At decision block 252, a test is conducted to determine whether the current label position is the last available label position. If the current label position is not the last available, the method proceeds to step 253, which advances the label position to the next available label position and returns to decision block 234, which performs again as discussed above. If, however, the tests at either decision block 252 or decision block 244 determine that the current label position is the last available label position, then the method proceeds to decision block 256, and a test is conducted to determine if all of the available label positions have been eliminated. If not, then the method 230 proceeds to step 254. When the method reaches step 254, all of the available label positions have been evaluated, and the penalty associated with each available label position has been calculated. Accordingly, the label for the object is placed in the label position having the lowest penalty.

However, if at decision block 256 it is determined that all of the available label positions have been eliminated, then the method proceeds to step 258. As mentioned, a senior object is not removed or relocated to accommodate a junior object. Accordingly, it is possible that every available label position for an object collides with a senior object. In that situation, the method reaches step 258, and a determination is made whether the object can be displayed without a label. In the exemplary embodiment, if the object cannot be displayed without a label, then the object is not displayed. From step 258 or step 254, the method proceeds to the end block 260. When the method 230 ends, it accepts the next object in the first list, reinitiates at step 231, and again attempts to display and label the next object in the first list.

FIG. 4 illustrates a sample screen display 270 of a computerized mapping program in accordance with an exemplary embodiment of the present invention. The screen display 270 depicts a map which a user has requested to view. The map displays an Island 272 containing a variety of features to be displayed. For instance, the Island 272 includes a capitol city 276, a first major city 278, a second major city 282, a first minor city 284, a second minor city 286, a river 288, and a national park 290.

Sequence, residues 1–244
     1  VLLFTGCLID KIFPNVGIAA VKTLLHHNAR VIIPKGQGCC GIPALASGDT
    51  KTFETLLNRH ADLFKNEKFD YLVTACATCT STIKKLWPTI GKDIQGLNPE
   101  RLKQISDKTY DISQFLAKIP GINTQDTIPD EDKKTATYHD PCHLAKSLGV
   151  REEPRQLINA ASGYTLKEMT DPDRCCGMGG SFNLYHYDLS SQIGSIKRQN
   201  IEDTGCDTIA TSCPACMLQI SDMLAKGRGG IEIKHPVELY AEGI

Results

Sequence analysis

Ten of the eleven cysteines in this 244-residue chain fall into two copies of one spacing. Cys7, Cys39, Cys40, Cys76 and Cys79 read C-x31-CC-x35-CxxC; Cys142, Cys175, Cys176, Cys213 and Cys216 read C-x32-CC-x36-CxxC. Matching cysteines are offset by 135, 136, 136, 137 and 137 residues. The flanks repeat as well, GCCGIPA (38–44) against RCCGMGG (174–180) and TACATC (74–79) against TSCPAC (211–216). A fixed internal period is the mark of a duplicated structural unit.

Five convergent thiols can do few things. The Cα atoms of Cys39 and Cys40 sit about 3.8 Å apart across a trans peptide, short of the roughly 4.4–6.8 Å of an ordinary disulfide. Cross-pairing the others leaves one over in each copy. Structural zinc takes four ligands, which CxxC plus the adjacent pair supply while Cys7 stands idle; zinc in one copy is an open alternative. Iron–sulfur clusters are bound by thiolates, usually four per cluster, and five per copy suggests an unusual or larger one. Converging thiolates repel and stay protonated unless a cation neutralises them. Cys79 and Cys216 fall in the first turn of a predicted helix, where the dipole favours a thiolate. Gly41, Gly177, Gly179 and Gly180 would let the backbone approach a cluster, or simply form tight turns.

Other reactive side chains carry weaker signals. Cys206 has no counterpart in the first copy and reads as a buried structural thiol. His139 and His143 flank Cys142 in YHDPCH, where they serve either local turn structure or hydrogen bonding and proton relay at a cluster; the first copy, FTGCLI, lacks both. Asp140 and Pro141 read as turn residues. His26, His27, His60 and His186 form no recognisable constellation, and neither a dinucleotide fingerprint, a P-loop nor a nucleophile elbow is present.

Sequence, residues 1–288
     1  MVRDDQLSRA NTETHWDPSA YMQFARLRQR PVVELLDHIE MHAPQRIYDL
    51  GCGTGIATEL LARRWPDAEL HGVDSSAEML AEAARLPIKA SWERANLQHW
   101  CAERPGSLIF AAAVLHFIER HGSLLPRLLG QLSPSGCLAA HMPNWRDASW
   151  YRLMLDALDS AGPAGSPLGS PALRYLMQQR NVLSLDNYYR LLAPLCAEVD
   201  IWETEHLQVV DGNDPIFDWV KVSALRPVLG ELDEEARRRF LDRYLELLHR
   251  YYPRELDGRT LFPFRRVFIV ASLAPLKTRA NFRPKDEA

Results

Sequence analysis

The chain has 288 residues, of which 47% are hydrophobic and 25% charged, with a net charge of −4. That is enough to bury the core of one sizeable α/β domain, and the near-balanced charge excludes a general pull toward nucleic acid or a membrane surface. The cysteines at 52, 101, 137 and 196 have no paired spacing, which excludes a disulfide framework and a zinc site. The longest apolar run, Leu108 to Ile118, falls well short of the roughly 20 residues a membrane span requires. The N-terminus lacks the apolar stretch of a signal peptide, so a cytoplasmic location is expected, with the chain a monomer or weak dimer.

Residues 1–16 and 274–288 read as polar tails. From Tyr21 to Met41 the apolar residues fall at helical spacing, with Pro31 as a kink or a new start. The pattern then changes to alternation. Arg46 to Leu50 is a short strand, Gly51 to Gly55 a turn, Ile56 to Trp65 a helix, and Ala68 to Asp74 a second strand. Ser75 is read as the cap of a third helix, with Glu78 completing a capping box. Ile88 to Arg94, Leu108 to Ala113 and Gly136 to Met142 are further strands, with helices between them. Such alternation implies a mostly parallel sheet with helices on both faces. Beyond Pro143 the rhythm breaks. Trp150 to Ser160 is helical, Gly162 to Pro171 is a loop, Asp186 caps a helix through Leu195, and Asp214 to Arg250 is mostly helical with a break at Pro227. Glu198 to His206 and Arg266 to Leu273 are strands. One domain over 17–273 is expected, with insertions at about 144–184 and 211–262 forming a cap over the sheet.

As the mapping program begins displaying the features of the Island 272, the mapping program maintains a first list of the objects which remain to be displayed, including all of the features mentioned above. Each of the objects in the first list has a label selection priority. The more important objects have a lower label selection priority than the lesser important objects. For instance, capitol city 276 is more important than first minor city 284, and accordingly has a lower label selection priority.

Some of the objects in the first list are immediately displayed, such as lines and areas. Accordingly, the Island 272 and the river 288 are immediately displayed, but not labeled. Before the points in the first list are displayed, the mapping program builds a weighted collision array. The weighted collision array is based on a second list. The second list is created by including the most important points from the first list. For simplicity of discussion, all of the points from the first list are included in the second list of this disclosed example. However, it will be apparent to those skilled in the art that the first list could also contain thousands of objects including hundreds of points. For that reason, fewer than all of the points from the first list can be chosen for the second list. In another example, for instance, a second list could contain the fifty most important points from a first list containing two hundred points.

In the disclosed example, the capitol city 276, the first major city 278, the second major city 282, the first minor city 284, and the second minor city 286 are included in the second list because, as mentioned, those objects are the most important points from the first list. The Island 272, the river 288, and the national park 290 are examples of objects in the first list which are not points, and are consequently omitted from the second list and the weighted collision array. The following table, listing the objects in each list in ascending order of label selection priority, is presented for clarity.

______________________________________First List         Second List______________________________________Island 272         Capitol City 276National park 290          First major city 278Capitol city 276            Second major city 282First major city 278                   First minor city 284Second major city 282                  Second minor city 286River 288First minor city 284Second minor city 286______________________________________